Assistant Director for the Pan American Health Organization (PAHO), Dr Jarbas Barbosa, says at least 2 billion doses of COVID-19 vaccines are being targeted for distribution to countries globally, “quickly and equitably”.
Speaking during PAHO’s COVID-19 digital briefing on Wednesday, Dr Barbosa advised that this will be done under the World Health Organization (WHO) COVID-19 Vaccine Global Access (COVAX) Facility by the end of 2021.
The assistant director said the entity is working closely with member countries to review their immunisation programmes and strengthen their capacity to facilitate a smooth and timely deployment of coronavirus (COVID-19) vaccines.
The COVAX Facility is designed to accelerate equitable access by countries globally to appropriate, safe and efficacious vaccines.
Dr Barbosa said PAHO and UNICEF, the agencies designated to pilot the vaccine deployment programme, embarked on the purchasing process by inviting vaccine manufacturers from around the world to apply to become suppliers for the 186 countries joining the COVAX Facility.
While noting that the 2 billion doses is a “remarkable figure”, Dr Barbosa acknowledged that this provision “won’t be sufficient to vaccinate everyone, at least not at first”.
“Our main goal, as we [initiate] the first phase of vaccination, is to save lives… and that is why it is important to protect the most vulnerable first. The priority will be to protect the healthcare workers and other front-line workers, as well as those at a high risk of developing severe disease,” he said, pointing out that these individuals would represent 20 per cent of each country’s population.
Dr Barbosa said PAHO’s engagement with member countries in relation to the vaccination programme is against the background that some of the vaccines being developed may require new ways for storage, transportation and distribution within the region.
As such, he added, “we will need to build on existing infrastructure to meet this challenge”.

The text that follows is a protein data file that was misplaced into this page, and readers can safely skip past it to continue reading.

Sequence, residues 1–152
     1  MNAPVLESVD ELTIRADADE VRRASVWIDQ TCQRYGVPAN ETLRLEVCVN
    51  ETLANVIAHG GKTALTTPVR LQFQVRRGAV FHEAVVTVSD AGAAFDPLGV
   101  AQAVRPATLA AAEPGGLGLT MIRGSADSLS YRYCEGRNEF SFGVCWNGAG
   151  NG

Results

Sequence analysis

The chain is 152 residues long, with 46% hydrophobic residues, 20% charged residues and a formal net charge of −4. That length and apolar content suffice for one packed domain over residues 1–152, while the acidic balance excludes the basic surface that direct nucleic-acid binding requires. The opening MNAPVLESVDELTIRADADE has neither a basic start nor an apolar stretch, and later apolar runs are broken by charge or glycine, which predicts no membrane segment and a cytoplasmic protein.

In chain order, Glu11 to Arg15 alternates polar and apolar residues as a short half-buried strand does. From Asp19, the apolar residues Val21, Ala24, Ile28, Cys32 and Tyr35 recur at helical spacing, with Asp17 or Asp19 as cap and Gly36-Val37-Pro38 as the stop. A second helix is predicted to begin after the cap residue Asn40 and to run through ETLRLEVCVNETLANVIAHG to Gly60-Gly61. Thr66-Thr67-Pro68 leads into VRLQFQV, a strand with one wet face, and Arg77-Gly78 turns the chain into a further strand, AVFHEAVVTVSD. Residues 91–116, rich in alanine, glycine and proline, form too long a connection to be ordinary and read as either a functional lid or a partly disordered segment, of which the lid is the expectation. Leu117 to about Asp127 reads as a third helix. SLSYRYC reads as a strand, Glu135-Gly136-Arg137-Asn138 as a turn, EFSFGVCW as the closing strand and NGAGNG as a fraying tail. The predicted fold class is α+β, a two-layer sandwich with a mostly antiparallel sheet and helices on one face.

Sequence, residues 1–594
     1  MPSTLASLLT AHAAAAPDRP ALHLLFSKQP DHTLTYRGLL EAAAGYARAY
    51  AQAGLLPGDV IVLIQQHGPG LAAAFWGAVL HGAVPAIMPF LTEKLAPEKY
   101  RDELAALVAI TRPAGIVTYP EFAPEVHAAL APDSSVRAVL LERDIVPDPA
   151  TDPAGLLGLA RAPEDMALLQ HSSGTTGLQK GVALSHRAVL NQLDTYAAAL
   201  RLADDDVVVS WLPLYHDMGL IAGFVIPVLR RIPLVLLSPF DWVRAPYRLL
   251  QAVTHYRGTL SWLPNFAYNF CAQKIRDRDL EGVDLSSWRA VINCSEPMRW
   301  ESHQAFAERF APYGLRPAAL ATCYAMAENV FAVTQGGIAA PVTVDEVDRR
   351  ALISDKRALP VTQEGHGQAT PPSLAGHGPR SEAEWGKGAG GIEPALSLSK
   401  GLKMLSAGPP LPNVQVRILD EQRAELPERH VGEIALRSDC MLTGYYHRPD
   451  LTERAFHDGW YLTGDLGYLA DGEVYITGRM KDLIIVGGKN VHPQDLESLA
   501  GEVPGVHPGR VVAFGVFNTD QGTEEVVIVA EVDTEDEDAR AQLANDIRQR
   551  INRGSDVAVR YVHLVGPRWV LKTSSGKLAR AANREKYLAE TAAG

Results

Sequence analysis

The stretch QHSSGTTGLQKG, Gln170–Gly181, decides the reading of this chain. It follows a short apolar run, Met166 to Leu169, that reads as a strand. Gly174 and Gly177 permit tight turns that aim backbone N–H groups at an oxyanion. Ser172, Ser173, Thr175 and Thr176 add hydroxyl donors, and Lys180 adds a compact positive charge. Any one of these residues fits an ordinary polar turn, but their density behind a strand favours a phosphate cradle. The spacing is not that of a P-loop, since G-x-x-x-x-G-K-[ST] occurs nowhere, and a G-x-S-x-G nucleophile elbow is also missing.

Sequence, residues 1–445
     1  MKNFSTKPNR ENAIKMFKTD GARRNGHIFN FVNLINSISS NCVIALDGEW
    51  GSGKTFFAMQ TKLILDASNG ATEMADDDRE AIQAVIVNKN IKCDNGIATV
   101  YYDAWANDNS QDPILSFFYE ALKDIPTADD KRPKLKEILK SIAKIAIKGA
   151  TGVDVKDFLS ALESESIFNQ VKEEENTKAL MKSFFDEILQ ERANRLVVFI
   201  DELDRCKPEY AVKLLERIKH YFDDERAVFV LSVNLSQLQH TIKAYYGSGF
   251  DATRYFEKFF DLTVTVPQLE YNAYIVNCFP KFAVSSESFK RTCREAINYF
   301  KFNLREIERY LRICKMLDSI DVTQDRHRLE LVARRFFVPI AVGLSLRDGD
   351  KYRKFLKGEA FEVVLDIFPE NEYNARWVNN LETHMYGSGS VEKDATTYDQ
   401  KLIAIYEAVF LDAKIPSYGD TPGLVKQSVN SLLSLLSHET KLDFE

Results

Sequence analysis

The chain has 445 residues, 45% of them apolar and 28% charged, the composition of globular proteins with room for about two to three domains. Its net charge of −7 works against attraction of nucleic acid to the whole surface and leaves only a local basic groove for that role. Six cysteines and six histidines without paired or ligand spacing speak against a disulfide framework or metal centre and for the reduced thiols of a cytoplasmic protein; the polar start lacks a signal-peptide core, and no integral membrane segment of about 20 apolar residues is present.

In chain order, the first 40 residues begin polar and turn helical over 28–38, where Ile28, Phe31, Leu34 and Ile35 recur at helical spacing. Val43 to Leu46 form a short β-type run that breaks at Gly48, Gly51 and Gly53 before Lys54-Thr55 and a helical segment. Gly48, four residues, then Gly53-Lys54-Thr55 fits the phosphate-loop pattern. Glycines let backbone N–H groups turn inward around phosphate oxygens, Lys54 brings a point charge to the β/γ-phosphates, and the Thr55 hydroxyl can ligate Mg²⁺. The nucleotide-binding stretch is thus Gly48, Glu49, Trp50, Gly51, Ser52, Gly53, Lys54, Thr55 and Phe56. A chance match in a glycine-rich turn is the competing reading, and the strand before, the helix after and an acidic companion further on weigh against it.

Dr Barbosa said the most recent updates regarding the development of potential vaccines are “encouraging”, adding that “we are eager to review the accompanying data”.
“However, we must be clear… only a vaccine that has proven [to be] safe and effective will be approved by regulators, endorsed by the WHO, and ultimately made available through the COVAX Facility. So, there is still much to be done,” he further noted.
Dr Barbosa said PAHO is aware that vaccine deployment will be challenging and costly.
He advised that the latest projections from the COVAX Facility for Latin America and the Caribbean estimate that vaccinating around 20 per cent of populations will cost more than US$2 billion.
While acknowledging that the figure is high, he emphasised that expenditure on vaccines “is a smart and necessary investment”.
“This is why PAHO has been working with member states to ensure that every country that is interested will have access to the COVAX Facility. We have also partnered with the Inter-American Development Bank, European Union and other financial institutions and donors, to secure the funding needed for low-income countries in our region to join,” Dr Barbosa reiterated.